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Transportation to Recovery

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In some cases, for people with Substance Use Disorder (SUD), the step of physically getting to a recovery facility can be an issue because they simply don’t have a reliable way to get there. Maybe they don’t have a car, or a person who will drive them there, or public transportation is not an option or too difficult a journey. Lack of transportation should not be a barrier to treatment, and recovery facilities that recognize this provide transportation services to their patients.


Randy Watz, Clinical Transportation Manager for Symetria Recovery“Anytime there is a patient that needs to get to a group or receive a dosage and they have no way of getting there, they can sign up,” says Randy Watz, Clinical Transport Manager for Symetria Recovery. “Then, we fit them into the schedule and we give them a set time for when we get there. And, we’ll pick them up within a 30-mile radius from our location.”


Driving patients is an important job with many responsibilities. As a result, drivers are screened to make sure they have personalities that will make patients feel safe and comfortable. They are also trained to:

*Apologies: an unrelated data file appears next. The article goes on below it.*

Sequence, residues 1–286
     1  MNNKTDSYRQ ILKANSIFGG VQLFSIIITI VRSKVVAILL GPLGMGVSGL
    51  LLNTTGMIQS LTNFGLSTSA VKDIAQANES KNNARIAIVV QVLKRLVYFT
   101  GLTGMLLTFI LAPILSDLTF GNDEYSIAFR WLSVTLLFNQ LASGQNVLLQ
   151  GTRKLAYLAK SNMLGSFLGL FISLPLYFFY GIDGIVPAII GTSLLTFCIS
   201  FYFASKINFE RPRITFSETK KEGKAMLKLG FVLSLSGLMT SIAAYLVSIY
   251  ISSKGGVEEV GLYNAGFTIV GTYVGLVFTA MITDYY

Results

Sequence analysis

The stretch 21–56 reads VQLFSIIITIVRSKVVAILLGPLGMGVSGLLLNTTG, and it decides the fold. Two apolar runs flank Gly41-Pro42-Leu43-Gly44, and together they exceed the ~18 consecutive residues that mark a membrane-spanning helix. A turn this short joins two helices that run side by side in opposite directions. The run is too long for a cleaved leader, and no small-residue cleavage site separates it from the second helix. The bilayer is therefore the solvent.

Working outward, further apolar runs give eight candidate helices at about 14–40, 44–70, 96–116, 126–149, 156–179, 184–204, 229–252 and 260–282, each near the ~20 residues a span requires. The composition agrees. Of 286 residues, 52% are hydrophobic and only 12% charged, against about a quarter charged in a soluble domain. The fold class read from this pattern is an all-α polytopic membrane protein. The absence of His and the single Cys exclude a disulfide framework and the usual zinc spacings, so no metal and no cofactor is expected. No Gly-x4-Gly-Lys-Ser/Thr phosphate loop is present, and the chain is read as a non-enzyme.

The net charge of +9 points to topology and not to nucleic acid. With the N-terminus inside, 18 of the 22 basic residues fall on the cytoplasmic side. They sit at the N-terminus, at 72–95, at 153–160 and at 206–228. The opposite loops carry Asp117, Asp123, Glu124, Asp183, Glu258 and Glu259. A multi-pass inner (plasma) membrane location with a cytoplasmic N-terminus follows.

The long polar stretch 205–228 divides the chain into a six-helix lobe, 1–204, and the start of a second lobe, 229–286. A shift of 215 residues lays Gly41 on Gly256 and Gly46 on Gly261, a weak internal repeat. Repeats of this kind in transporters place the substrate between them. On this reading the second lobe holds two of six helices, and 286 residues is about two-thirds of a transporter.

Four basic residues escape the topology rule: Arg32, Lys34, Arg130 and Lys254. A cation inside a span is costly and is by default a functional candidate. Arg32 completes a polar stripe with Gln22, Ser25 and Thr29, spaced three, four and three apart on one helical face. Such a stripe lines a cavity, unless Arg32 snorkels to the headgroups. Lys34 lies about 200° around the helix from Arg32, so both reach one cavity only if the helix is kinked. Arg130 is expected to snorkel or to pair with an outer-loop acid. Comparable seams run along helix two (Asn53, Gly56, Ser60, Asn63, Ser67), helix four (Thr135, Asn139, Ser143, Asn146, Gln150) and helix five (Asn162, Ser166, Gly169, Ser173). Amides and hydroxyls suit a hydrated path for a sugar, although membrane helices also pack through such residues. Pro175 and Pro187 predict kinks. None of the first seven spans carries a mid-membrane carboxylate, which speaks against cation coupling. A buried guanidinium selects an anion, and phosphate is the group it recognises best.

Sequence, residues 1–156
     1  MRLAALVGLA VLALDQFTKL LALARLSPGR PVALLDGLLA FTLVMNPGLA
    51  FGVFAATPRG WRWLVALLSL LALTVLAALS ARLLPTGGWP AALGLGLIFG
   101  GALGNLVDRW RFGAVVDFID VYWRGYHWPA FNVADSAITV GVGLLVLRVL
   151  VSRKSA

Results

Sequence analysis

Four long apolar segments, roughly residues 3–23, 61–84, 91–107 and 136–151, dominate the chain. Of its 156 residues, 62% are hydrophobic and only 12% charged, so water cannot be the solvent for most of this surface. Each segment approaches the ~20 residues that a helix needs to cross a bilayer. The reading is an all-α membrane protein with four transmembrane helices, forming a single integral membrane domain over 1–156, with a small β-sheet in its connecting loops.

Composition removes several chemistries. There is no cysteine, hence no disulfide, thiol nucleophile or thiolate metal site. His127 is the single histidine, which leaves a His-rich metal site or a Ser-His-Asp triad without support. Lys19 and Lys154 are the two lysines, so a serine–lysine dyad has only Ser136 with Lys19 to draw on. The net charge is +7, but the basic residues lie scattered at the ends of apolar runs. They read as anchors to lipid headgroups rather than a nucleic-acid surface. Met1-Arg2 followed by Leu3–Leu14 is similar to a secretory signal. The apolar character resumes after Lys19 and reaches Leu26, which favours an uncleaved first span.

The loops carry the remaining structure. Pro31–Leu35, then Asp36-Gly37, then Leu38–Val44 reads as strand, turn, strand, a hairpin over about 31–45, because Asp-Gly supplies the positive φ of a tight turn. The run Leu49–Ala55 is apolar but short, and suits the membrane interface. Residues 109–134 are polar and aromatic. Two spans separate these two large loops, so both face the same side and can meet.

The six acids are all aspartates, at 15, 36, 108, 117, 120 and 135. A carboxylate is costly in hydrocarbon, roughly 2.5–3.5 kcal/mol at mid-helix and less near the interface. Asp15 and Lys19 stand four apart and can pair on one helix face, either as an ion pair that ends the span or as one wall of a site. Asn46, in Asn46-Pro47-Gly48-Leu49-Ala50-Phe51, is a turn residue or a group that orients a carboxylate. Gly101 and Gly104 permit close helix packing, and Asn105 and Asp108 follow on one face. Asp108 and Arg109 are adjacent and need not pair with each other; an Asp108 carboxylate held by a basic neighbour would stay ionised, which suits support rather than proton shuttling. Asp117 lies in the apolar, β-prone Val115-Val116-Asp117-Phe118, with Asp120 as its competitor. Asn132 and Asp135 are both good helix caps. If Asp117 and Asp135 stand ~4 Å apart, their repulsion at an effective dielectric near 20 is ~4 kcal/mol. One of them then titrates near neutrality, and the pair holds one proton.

• respect and protect a patient’s privacy
  • communicate comfortably with their passengers
  • maintain proper personal boundaries
  • administer Narcan in case of a patient overdose
  • administer first aid, including CPR


Of course, the Covid-19 pandemic presents its own challenges. “What we try to do mostly now is one patient in the van at a time and in no case do we have three in the van at one time, including the driver, Watz said. “Everyone must wear masks and the van is sprayed down after each ride, and at the end of the day.”


When it comes to opioid, heroin and alcohol addiction and use recovery, transportation to and from a facility is more than just a ride. It’s the first and last touchpoint of the patient’s recovery experience for that day.


“We’re not just providing a ride, we’re providing you a chance for recovery,” Watz explained. “We’re bringing you to a place where there are doctors, nurses, counselors and groups to help you. So, part of our job is to make you feel comfortable in your experience.”

Dale Willenbrink
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